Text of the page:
Musings: Ida

This page consolidates related posts. In this case, it makes sense to post the original item first.


May 31, 2009

There is a follow up item about Ida, June 21, below. Ida follow-up.

Ida is a cute German girl. 47 million years old.

This is another big news story, much hyped in the media. But underneath that hype is a good science story.

Ida is a 47 million year old fossil. A remarkably well preserved fossil. If nothing else, look at her pictures. Ida is a primate. What are primates? Primates are not easily defined, but complex hands is one good characteristic. The best known group of primates is the anthropoids: monkeys, apes, humans. Other primates include the lemurs and tarsiers. Ida is a primate, but so old that she does not fit clearly into any modern primate group. Ida is older than the oldest known anthropoids (monkeys). So she offers the possibility of some insight into very early primates; her age and the high quality of the fossil are key parts of this.

A picture: Ida [link opens in new window]. (This is a smaller version of part of Figure 1 from the paper. Note scale bar at the bottom. Looks like she would about fit in your hand -- except for the tail. Estimated weight is about 0.5 to 1 kilogram.)

So, the main interest in Ida is to analyze in detail this single high quality specimen of a very early primate. That is the heart of the new paper, which was announced last week. Ida is an example of one kind of animal that existed in Germany 47 million years ago. Interestingly, Ida has a mix of features, including some that we now see in modern humans.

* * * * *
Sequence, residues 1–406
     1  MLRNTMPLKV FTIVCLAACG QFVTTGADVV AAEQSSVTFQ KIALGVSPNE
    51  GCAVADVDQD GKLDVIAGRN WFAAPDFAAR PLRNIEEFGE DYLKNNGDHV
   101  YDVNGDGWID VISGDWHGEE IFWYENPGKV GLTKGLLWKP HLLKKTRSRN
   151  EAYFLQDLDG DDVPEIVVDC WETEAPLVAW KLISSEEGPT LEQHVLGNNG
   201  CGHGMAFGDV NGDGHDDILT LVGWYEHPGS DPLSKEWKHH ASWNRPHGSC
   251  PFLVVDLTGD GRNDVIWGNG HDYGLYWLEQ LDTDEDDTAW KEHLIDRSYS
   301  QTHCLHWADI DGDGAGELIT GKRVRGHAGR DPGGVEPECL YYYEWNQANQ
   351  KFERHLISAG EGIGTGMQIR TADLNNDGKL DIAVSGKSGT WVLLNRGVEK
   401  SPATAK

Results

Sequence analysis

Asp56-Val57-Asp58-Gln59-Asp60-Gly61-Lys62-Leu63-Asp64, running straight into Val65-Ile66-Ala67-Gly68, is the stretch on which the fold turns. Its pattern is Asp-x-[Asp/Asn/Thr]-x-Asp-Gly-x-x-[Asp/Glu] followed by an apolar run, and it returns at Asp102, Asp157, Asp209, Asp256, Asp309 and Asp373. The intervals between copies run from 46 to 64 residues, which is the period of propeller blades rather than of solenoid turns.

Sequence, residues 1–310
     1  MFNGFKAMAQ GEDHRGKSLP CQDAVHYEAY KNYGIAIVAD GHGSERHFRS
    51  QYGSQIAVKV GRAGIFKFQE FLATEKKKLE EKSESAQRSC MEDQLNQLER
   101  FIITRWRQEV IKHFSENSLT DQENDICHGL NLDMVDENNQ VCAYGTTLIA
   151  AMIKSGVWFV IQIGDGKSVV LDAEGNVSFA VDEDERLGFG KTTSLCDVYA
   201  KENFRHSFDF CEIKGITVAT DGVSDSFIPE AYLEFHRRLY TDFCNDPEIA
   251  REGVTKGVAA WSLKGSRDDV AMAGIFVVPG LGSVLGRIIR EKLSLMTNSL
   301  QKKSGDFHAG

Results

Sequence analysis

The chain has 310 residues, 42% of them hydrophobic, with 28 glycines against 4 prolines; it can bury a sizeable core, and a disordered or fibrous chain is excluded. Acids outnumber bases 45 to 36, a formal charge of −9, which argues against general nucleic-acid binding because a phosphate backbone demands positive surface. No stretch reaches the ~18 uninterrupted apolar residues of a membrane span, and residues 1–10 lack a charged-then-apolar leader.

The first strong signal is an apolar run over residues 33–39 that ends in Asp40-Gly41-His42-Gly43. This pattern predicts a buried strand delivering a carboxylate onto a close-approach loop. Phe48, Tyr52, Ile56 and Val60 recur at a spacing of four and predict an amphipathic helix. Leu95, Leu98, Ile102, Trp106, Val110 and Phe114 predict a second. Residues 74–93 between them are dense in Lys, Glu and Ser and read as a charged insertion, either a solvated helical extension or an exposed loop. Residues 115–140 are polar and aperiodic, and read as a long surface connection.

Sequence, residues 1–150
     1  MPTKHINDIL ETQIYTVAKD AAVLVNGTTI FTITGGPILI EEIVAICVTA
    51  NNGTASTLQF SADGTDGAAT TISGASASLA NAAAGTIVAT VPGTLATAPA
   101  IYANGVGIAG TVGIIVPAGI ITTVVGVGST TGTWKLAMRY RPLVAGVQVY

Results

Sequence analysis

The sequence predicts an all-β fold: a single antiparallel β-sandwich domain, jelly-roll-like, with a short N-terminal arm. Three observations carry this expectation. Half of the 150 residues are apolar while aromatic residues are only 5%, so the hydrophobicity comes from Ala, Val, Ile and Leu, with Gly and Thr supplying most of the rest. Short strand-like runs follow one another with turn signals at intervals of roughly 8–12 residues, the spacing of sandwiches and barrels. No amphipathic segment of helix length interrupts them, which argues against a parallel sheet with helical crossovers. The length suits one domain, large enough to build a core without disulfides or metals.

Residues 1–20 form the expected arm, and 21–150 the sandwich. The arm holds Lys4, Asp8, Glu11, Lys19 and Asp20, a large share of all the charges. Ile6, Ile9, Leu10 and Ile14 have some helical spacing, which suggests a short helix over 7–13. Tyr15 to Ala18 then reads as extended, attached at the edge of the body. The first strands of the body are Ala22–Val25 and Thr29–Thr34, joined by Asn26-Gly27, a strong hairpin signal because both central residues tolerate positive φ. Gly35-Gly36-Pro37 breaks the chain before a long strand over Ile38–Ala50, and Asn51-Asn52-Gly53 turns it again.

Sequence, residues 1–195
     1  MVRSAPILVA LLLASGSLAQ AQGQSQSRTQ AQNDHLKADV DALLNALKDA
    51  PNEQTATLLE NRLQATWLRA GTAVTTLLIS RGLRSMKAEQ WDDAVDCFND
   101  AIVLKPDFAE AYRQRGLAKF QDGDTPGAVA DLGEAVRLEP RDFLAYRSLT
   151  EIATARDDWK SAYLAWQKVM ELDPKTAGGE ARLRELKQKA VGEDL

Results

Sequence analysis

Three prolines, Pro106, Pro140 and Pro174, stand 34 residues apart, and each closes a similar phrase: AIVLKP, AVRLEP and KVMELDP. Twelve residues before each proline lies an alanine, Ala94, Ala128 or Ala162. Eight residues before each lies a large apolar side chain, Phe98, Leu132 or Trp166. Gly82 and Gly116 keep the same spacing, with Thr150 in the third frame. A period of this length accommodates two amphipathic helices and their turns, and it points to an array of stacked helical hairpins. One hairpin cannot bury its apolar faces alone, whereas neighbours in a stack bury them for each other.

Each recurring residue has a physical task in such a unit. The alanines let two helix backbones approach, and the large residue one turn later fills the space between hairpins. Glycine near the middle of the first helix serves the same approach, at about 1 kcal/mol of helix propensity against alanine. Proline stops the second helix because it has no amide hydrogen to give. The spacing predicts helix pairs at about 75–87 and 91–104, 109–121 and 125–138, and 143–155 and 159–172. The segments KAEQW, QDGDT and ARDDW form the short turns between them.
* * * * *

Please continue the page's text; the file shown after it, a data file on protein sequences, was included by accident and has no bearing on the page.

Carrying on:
Beyond that, we wonder how Ida fits into the grand scheme of things. And this is where the hype takes over. With only one specimen, from an era where we have little information, all we can do is to lay out some possibilities, almost speculations. As a couple of examples of the range of possibilities...
* It is possible that Ida (the type of animal that Ida represents) is on a direct line to humans.
* It is possible that Ida's species had no descendants at all that continued to modern times. In this case, the interest in Ida is not that she is a direct ancestor, but that she shows us what was "possible" at that point in history. For example, we see certain human-like traits showing up. That is of interest, whether Ida is a direct ancestor or not. We take information as we get it; that is the heart of science.

The paper itself deals with these possibilities, and the uncertainties, rather reasonably. Unfortunately, the news media do not. In fact, there seems to have been an orchestrated news event -- including a TV show -- around this announcement. Whatever the merits of that may be for stimulating popular interest, it does not do much for the quality of the scientific discussion. (Has anyone seen the TV show?)

Here is one good news story on this work. This story tries to summarize the exciting science, and to deal with the significance. 47-million-year-old fossil could shed light on primate family tree. (Washington University, May 21, 2009)

Here is the paper itself, freely available online. Caution, it is long and technical. (The title shown below is probably a clue to that!) You may find it worth browsing simply for the pictures. If you read the introductory parts, the discussion and the conclusions, you will get some sense of the work. PLoS One: Complete Primate Skeleton from the Middle Eocene of Messel in Germany: Morphology and Paleobiology. (J L Franzen et al, PLoS One 5:e5723, May 19, 2009.)